A new report by a regional environmental nonprofit says a little under half of all bays on either side of the Long Island Sound were given a poor-to-failing grade. It’s a continuing problem, but more and more local groups are stepping up to dedicate their time and energy to trying to maintain the water as a strong habitat.
At a press conference Tuesday, Oct. 6, Save the Sound, a Connecticut-based environmental nonprofit funded by a U.S. Environmental Protection Agency grant, released its biennial 2020 Long Island Sound Report Card that described the general health of 50 bays from Long Island and Connecticut based on the previous year’s data.
Officials and experts revealed that, of those monitored, Suffolk County North Shore harbors were largely better off than those in Connecticut, but several still had issues. Port Jefferson, at least the outer and middle portions of the harbor, was ranked in the top 10 most healthy, with experts saying it most likely has to do with how well the harbor flushes daily.
Meanwhile sites like Northport and Centerport harbors were ranked C- and C respectively. Northport Harbor received a F grade for its excess of chlorophyll, a measurement of how much microalgae is in the water, and its low level of dissolved oxygen, an important factor for the health of fish. Centerport had similar difficulties, but also had issues of excessive seaweed accumulation.
Perhaps the most concerning of North Shore Suffolk County’s waterways was the innermost part of Cold Spring Harbor which received F grades in chlorophyll, seaweed and dissolved oxygen.
U.S. Reps. Tom Suozzi (D-NY3) and Lee Zeldin (R-NY1) were both present to offer their support of bipartisan funding for this and future studies as well as initiatives to keep local bays clean. Suozzi said in the past four years, the Long Island Sound Caucus has extended the EPA Long Island Sound program to 2023 and increased the $4 million appropriated to the Sound to $21 million. The House has already passed a bill to up that to $30 million, but has not yet been taken up by the Senate.
Zeldin said the low grades of so many bays only emphasizes the need for more federal funding for further studies and additional relief.
“Working across the aisle and across the Sound, we’ve made great progress in preserving this critical waterway, but with nearly half of the waterways measured in this report as receiving a D grade or below, there’s still work to do,” he said.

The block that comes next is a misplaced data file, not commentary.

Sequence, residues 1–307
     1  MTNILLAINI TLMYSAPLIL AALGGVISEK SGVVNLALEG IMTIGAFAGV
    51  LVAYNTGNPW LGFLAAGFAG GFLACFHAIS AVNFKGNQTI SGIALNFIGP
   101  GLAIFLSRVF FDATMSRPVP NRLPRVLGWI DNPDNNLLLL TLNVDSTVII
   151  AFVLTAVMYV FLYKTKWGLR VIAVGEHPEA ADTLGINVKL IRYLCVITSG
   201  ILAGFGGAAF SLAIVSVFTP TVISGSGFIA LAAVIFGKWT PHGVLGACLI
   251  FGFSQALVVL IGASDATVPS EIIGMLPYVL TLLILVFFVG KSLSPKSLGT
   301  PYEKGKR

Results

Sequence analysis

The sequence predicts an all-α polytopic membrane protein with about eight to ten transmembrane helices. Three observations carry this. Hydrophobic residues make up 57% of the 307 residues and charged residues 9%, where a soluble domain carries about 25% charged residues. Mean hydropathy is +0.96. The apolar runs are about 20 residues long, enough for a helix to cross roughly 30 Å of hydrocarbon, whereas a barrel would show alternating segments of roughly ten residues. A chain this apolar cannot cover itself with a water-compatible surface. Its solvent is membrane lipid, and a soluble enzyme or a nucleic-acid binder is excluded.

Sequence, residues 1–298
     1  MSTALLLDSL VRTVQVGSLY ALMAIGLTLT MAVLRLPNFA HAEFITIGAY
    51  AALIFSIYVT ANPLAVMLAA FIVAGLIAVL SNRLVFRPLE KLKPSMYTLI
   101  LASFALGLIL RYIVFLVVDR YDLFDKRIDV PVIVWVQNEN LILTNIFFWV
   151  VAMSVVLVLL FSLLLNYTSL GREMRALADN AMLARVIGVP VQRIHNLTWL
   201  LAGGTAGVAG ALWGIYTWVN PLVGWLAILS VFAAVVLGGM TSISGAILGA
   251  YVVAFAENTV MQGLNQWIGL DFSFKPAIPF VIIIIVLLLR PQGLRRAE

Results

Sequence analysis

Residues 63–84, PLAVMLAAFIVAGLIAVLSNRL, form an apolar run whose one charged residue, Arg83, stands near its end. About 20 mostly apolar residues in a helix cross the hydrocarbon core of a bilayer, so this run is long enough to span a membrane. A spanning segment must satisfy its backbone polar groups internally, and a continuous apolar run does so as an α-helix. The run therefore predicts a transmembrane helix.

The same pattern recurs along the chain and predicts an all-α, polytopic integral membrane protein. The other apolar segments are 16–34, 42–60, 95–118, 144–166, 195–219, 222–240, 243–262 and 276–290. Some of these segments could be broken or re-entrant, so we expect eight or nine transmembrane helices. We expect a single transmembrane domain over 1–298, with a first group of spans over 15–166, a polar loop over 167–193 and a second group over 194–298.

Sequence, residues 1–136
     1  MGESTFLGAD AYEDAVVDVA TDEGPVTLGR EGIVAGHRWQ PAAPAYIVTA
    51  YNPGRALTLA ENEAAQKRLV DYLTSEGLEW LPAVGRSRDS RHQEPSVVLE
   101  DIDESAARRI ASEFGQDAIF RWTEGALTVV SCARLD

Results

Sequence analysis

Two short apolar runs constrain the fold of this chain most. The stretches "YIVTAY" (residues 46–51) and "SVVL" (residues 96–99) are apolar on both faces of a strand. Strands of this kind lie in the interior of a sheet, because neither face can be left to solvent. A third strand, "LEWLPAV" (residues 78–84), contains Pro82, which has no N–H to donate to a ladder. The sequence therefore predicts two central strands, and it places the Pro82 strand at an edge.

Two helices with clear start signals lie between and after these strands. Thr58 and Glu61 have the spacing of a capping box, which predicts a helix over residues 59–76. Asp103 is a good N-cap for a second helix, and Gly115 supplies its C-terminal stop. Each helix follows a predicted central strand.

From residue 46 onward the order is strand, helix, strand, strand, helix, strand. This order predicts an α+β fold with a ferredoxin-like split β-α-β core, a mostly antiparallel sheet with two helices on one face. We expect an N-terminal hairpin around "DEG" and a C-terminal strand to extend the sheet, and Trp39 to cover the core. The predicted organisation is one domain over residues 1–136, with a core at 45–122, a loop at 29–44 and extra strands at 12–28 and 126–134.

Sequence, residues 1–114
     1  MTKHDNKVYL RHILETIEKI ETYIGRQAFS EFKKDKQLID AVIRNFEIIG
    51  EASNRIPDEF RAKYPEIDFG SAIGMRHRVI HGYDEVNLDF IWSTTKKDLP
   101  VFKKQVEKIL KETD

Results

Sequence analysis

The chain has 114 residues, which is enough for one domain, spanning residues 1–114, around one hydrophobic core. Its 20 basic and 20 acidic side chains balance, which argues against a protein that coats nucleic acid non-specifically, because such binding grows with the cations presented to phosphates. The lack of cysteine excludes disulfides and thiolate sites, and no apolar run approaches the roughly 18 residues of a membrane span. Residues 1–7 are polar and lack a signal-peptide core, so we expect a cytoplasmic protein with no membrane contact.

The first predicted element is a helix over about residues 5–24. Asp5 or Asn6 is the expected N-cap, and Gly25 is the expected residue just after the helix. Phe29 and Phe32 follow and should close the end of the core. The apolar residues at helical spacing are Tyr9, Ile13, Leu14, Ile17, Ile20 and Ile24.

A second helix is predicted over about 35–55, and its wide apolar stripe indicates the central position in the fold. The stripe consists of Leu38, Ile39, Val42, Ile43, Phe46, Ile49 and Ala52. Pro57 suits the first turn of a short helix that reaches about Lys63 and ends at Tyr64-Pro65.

George Hoffman, a co-founder of the Setauket Harbor Task Force that monitors Port Jeff, also acknowledged a great deal of why the bay has done comparatively well is because of its flushing capacity. Another factor, he said, may be the hundreds of thousands of oysters and shellfish the Town of Brookhaven seeds into the bay. The shellfish do a great job of filtering organic particulates from the water.
Save The Sound’s Unified Water Study program includes 22 organizations covering 50 harbors on both sides of the waterway. Monitoring begins in May and ends in October. The study also looks at the general health state of the Sound itself. It’s long been clear that the closer one is to New York City, the less healthy the water is. The Western Narrows portion of the Sound received an F grade on all marks, while the Eastern Narrows, which runs from Northport to the edge of Hempstead Bay, received a C grade overall. Areas to the east were reported as much healthier in general.
Jamie Vaudrey, an assistant research professor of marine science at the University of Connecticut, said likely the biggest factor for the health of bays in a modern environment is how well the water flushes in and out of the harbor. Water like that trapped into the southernmost tip of Cold Spring Harbor is more impacted by any real increase in nitrogen.
“They just have this large nitrogen burden coming in that’s not being flushed out,” she said. “In systems like that, really pushing down that nitrogen load is important.”
Nitrogen has been called public enemy No. 1 for coastal waters as it’s the leading cause of hypoxia, namely low or depleted oxygen causing major problems for marine life. This can cause fish or other sea creatures to die off and lead to an excess of seaweed or algae. Some of these algal blooms have even been dangerous to animals or humans.
Though Port Jefferson Harbor’s general health was rated high, it too has experienced its share of dangerous algal blooms, including a so-called rust tide back in 2018. Though this specific bloom doesn’t present a threat to human beings, it kills fish quite rapidly. Those who study water quality have become very concerned with how often these blooms have appeared since the early 2000s.
For some of the struggling bays in the Town of Huntington, New York State Sen. Jim Gaughran (D-Northport) called for a funding stream from the federal government on down that can really start to make a dent in Suffolk County’s lack of sewage treatment facilities and get the ball rolling on nitrogen-reducing septic systems, which individually can cost a homeowner $10,000 to $15,000 apiece without government funding.
“People can’t do that on their own — we need tax credits, we need funding,” he said.